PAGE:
Peter Lynch, the legendary manager of Fidelity’s Magellan Fund, is famous for advising investors to “invest in what you know.” The Prophet of Omaha, Warren Buffett, also advocates investing within your “circle of competence.” Maybe JPMorgan Chase traders should have followed this sage advice.
I was struck when JPMorgan Chase’s CEO Jamie Dimon recently boldly told the Senate Banking Committee that the trades that led to billions in losses were placed by traders who didn’t understand the risks they were taking.
More alarming than that, Dimon suggested the bad trades could not have been prevented by regulations. In fact, when the senators asked Dimon about the Dodd-Frank Act’s Volcker Rule, which would restrict banks’ right to speculate with their own money, he called the yet-to-be-finalized rule “vague” and “unnecessary.”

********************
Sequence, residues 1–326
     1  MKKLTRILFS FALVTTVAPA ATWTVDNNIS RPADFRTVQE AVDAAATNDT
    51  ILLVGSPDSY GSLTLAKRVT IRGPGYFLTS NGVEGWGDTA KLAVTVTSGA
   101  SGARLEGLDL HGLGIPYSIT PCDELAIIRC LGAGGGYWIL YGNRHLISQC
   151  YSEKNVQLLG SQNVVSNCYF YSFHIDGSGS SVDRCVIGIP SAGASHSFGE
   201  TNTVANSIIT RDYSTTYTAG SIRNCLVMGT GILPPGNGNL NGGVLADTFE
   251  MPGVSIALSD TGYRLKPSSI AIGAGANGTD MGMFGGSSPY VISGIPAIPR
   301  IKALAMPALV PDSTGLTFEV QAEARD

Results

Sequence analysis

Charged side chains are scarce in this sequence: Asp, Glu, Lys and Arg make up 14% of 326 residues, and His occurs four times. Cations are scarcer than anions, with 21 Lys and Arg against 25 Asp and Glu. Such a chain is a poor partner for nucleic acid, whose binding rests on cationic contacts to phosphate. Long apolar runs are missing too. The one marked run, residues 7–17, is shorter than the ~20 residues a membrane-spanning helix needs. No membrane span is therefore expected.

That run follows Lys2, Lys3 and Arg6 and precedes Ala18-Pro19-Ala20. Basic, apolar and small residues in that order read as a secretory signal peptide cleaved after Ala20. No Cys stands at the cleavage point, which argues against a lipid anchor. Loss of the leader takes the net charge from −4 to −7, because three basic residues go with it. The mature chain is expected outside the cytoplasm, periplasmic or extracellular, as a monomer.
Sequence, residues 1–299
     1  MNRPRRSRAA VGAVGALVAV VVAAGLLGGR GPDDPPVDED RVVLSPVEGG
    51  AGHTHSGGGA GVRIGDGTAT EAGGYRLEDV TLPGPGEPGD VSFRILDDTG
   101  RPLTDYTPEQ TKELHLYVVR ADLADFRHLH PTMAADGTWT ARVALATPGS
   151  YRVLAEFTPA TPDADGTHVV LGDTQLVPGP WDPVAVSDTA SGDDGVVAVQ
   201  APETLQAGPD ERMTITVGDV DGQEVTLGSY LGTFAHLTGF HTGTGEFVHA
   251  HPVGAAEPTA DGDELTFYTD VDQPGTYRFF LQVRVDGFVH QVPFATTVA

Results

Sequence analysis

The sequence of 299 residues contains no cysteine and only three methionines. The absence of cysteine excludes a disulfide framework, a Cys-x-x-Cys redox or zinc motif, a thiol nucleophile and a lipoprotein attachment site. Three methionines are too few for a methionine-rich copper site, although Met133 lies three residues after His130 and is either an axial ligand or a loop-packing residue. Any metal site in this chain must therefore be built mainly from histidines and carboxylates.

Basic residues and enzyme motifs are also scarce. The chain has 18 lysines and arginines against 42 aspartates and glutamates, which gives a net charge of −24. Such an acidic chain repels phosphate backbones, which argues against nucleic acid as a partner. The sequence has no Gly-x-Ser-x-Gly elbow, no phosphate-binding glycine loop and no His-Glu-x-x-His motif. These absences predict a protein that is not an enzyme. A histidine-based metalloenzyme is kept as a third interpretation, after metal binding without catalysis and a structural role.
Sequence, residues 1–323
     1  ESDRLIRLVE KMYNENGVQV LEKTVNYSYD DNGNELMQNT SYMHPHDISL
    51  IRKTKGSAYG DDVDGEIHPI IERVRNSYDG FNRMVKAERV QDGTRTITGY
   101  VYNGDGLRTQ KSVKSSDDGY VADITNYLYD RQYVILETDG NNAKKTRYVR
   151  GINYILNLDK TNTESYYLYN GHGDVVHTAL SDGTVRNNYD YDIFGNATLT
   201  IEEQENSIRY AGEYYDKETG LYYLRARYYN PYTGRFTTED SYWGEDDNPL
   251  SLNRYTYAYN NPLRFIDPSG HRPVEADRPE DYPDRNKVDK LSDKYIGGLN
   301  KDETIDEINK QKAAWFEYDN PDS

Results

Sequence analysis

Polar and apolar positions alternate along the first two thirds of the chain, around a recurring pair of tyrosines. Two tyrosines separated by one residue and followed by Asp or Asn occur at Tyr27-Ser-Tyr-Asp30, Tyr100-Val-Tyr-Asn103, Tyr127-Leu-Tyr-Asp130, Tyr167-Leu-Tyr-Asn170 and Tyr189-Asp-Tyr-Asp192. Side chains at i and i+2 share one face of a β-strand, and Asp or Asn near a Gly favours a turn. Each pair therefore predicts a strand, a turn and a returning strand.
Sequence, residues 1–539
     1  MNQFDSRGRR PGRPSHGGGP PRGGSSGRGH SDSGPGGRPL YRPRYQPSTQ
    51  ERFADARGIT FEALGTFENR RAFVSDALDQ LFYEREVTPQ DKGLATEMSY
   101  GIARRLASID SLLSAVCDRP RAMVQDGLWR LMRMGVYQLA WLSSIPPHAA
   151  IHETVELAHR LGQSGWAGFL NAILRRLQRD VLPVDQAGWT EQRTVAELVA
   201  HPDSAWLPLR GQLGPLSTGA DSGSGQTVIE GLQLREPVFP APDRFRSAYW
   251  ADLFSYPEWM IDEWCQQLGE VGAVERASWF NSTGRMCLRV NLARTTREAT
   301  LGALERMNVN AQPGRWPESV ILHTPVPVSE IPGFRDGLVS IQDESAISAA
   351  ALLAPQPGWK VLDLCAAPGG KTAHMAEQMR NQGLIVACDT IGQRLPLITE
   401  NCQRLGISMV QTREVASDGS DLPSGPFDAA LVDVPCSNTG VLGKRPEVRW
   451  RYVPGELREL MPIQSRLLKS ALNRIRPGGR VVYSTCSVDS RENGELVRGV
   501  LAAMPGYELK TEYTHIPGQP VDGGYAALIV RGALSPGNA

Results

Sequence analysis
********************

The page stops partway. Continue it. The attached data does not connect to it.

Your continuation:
Instead of federal regulations, Dimon said financial firms need proper capital, liquidity, risk measures and risk controls to succeed. I’d add one thing – an understanding of the securities they trade.
The Wall Street Journal estimates JPMorgan Chase could have lost as much as $5 billion from trading a synthetic credit portfolio that Dimon insists was meant to hedge risks, not to speculate. With the FBI poised to begin an inquiry into this staggering loss, it remains problematic that the company’s internal risk management committee did not appreciate just how risky the strategy was, whatever its design.
In short, based on their track record, leaving the JPMorgan Chases of the world to regulate themselves doesn’t seem prudent.